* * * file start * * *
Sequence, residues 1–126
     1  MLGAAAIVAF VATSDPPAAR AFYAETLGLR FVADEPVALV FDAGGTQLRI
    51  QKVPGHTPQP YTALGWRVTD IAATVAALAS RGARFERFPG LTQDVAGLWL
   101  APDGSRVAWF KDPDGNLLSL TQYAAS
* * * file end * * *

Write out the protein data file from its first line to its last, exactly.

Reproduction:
Sequence, residues 1–126
     1  MLGAAAIVAF VATSDPPAAR AFYAETLGLR FVADEPVALV FDAGGTQLRI
    51  QKVPGHTPQP YTALGWRVTD IAATVAALAS RGARFERFPG LTQDVAGLWL
   101  APDGSRVAWF KDPDGNLLSL TQYAAS